The clinical management of a patient’s condition is one of many components of patient care. A key pillar is collaboration between patient and practitioner, which underpins care and empowers patients. Until recently, however, there was a lack of practical guidance on how to involve patients in decisions about their care; publication of NICE Guideline 197, Shared decision making, is therefore to be welcomed.Dr Natalie Joseph‑Williams, Dr Leigh Sanyaolu, and Professor Adrian Edwards summarise the recommendations of the new guideline, and outline how it can be incorporated into routine practice. The example of antibiotic prescribing for recurrent urinary tract infection is used to demonstrate the stages involved in conducting a shared‑decision making discussion and developing a joint strategy. See also the Guidelines summary of this guidance.

Doctor and patient discussion

Incorporate shared decision making into everyday practice

Dr Natalie Joseph-Williams, Dr Leigh Sanyaolu, and Professor Adrian Edwards

Fulfilling the requirements of the shared-decision making guideline will also facilitate the implementation of other guidelines. This overlap of objectives when implementing recommendations is evident in Dr Tom McAnea’s analysis of the recently published NICE guideline on atrial fibrillation (AF). Dr McAnea stresses the importance of reaching a shared agreement with patients, and explains how joint decisions on the use of direct acting oral anticoagulants in AF have been embedded in primary care practice.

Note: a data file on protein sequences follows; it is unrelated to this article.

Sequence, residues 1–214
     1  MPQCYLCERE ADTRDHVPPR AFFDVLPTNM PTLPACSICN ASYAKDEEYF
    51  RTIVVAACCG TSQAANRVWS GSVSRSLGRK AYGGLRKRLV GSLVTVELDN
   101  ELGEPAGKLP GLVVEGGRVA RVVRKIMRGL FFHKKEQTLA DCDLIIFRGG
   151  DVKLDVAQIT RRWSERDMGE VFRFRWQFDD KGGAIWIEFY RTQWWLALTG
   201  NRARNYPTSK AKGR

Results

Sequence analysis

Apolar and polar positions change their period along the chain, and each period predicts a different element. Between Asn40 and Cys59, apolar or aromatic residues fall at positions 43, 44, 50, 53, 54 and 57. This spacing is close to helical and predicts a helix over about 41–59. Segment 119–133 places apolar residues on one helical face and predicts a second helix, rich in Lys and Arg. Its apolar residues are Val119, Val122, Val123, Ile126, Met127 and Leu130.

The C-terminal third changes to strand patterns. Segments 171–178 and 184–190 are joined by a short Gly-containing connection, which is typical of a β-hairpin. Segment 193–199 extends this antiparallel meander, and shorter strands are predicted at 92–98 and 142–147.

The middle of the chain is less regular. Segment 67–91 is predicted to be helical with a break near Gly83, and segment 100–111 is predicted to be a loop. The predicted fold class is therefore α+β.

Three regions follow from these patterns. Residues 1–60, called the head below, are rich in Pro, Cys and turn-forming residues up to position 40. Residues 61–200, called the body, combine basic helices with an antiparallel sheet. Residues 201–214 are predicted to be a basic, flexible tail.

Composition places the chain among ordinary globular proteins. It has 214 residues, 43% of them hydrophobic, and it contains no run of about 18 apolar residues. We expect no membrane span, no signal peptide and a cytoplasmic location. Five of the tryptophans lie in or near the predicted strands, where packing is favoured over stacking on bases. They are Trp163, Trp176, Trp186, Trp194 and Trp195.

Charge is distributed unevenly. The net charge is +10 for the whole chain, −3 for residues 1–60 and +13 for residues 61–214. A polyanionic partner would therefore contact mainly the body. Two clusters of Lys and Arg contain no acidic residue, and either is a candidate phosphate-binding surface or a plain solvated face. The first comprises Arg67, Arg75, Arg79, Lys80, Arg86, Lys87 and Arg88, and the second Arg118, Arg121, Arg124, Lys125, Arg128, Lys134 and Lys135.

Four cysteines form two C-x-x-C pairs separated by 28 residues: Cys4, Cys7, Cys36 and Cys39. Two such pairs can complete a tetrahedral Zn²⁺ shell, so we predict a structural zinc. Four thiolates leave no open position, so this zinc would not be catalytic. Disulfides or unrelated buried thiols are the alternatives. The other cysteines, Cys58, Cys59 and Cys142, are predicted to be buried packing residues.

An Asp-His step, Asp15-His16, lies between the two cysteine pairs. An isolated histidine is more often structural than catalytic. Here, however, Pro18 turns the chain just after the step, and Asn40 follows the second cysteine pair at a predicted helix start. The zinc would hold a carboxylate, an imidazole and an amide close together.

Mutual agreements between patients and practitioners can also be made in relation to stopping current treatments, as Dr David Strain highlights in his article, which explores a consensus statement on the management of diabetes in the context of frailty. He describes the circumstances under which it may be more beneficial to de-escalate pharmacotherapy for glycaemic control—for example, if the time to benefit is insufficient to justify the potential complications or side effects. However, this could be perceived by patients as an attempt at rationing or cost-cutting, or as a sign that there is no longer any hope for them. Dr Strain emphasises the importance of involving the patient in this discussion and developing strategies in collaboration.

In this month’s expert article, Jane Scullion provides top tips on diagnosing and managing asthma in adults. She details how to recognise the risk factors, triggers, and phenotypes of asthma, describes the tools available for assessment and diagnosis, and provides information on interventions and pharmacological treatments.

Finally, in this issue’s View from the ground, Dr Claire Davies provides a timely reminder of the wider determinants of health in a thought-provoking look at the impact of housing on patients’ lives. Dr Davies also underlines the all‑encompassing role that GPs sometimes play in patients’ lives; perhaps some patients might benefit from the extension of shared decision making into other, non-clinical, spheres of life.

Other things to look out for include: 

Reference

1. NICE. Shared decision making. NICE Guideline 197. NICE, 2021. Available at: www.nice.org.uk/ng197